By Gus Trompiz and Marine Pennetier
PARIS (Reuters) - European Union agriculture is being threatened by internal divisions and rival trading blocs, French President Emmanuel Macron said on Saturday, calling for a large budget to defend EU goals on food quality and environmental protection.
France is the EU's biggest agricultural producer and the main beneficiary of the bloc's Common Agricultural Policy (CAP), which is due to be renegotiated this year in the midst of Britain's planned withdrawal from the 28-country group.
"European agriculture has always been a given, it is today under threat," Macron said in a speech at the annual Paris farm show, citing the EU's reliance on imported soybean protein for livestock feed or Russia's rise as a massive cereal exporter.
"No farmer or consumer wants to be subjected to the diktat of non-European countries," he added.
Agriculture is a frequent flashpoint in international trade negotiations, notably in areas such as food safety standards and genetically modified technology, and Macron reaffirmed France's "red line" that farming products should be kept out of trade talks with the United States.
The European Commission has also proposed leaving agriculture out of EU-U.S. discussions, at odds with the position of Washington, which is threatening punitive tariffs on European cars.
France wants the EU to assert its vision of agriculture by pushing for changes to World Trade Organisation rules covering the sector, as well as to food standards under the United Nations' Codex Alimentarius, Macron said.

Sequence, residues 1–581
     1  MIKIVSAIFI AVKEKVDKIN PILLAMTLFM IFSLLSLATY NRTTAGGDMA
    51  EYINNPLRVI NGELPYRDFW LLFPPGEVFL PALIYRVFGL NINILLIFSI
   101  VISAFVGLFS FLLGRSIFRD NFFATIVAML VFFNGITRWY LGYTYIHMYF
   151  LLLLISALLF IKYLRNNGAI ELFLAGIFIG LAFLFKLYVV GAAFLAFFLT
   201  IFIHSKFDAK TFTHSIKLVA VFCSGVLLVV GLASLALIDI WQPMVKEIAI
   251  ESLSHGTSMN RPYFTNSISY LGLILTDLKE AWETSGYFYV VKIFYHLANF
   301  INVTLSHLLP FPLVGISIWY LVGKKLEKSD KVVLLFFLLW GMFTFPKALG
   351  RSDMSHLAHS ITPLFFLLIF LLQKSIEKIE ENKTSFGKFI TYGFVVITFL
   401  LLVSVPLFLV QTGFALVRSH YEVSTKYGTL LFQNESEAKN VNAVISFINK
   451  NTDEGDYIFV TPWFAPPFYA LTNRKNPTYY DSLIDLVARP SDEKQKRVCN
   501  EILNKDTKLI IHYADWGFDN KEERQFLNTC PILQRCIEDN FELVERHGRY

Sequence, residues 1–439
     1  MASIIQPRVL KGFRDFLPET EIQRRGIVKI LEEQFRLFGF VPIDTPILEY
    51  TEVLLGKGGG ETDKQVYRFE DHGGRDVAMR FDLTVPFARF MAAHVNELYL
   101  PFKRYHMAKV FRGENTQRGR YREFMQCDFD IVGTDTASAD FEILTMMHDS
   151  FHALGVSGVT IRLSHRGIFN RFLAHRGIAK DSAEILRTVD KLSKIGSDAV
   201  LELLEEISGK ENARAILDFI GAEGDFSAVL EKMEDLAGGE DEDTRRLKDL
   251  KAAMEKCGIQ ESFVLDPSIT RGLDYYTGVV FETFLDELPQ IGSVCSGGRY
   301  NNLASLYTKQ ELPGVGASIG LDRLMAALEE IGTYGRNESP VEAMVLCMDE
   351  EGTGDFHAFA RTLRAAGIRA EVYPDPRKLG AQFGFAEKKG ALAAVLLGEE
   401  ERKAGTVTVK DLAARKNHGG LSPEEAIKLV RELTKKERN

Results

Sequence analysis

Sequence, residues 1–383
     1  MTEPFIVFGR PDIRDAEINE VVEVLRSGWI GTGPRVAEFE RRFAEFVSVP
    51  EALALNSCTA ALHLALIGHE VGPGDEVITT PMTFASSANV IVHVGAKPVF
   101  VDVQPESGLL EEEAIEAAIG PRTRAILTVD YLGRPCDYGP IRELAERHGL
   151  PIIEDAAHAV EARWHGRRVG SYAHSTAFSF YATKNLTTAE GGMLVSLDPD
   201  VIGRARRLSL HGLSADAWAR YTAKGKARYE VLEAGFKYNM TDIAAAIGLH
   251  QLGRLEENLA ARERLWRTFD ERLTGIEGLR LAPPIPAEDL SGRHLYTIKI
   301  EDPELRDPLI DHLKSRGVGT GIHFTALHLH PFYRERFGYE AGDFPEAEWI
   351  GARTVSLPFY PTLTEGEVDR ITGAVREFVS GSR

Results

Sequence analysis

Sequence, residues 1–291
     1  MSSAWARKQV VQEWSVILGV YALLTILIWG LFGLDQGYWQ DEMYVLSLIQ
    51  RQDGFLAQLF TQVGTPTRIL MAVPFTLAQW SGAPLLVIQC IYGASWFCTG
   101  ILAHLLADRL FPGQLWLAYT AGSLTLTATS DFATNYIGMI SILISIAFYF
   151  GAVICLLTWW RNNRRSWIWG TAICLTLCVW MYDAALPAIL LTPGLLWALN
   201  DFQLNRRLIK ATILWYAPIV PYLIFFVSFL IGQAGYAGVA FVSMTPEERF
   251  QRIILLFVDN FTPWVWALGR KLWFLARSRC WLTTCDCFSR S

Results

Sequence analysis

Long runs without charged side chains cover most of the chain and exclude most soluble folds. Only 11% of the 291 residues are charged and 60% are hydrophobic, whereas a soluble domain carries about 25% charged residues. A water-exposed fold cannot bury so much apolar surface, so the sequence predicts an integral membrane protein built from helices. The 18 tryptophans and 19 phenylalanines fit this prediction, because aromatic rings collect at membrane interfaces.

He urged Europe to differentiate itself as a high-quality food producer, calling on France's large wheat sector to offer a wider range of grades for export.
The EU should maintain an "ambitious" farming budget with "not one euro less" than currently, after factoring in the impact of Brexit, he said.
Britain's departure from the EU will remove a net contribution to the bloc's budget and the European Commission has proposed a five percent cut in the agriculture budget for 2021-2027 to 365 billion euros ($413.95 billion).
France rejected last year the Commission's EU budget proposal for farming, but Macron's comment suggested France may accept a reduction corresponding to Britain's contribution.
Macron was making the traditional presidential visit to the Paris farm show, a must-attend event for politicians that comes as the French president is trying to reconnect with voters after the so-called yellow-vest protests against his government.
(Editing by Leigh Thomas and Helen Popper)